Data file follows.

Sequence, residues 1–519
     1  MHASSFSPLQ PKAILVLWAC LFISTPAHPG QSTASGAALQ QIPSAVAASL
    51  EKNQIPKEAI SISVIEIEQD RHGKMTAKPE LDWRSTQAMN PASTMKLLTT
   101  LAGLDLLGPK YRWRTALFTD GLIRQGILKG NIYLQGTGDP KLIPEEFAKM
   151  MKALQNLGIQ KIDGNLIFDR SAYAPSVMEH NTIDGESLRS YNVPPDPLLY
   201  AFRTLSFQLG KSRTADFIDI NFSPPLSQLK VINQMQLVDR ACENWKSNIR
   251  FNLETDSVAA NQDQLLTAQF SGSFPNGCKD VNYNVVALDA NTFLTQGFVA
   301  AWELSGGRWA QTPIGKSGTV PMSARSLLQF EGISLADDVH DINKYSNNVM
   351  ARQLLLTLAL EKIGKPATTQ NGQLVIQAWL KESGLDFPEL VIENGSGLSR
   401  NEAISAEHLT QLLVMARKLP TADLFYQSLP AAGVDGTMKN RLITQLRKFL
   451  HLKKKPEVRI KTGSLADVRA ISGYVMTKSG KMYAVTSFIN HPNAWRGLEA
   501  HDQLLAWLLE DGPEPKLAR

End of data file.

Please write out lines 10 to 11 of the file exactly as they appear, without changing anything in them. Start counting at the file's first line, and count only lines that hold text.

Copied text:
   401  NEAISAEHLT QLLVMARKLP TADLFYQSLP AAGVDGTMKN RLITQLRKFL
   451  HLKKKPEVRI KTGSLADVRA ISGYVMTKSG KMYAVTSFIN HPNAWRGLEA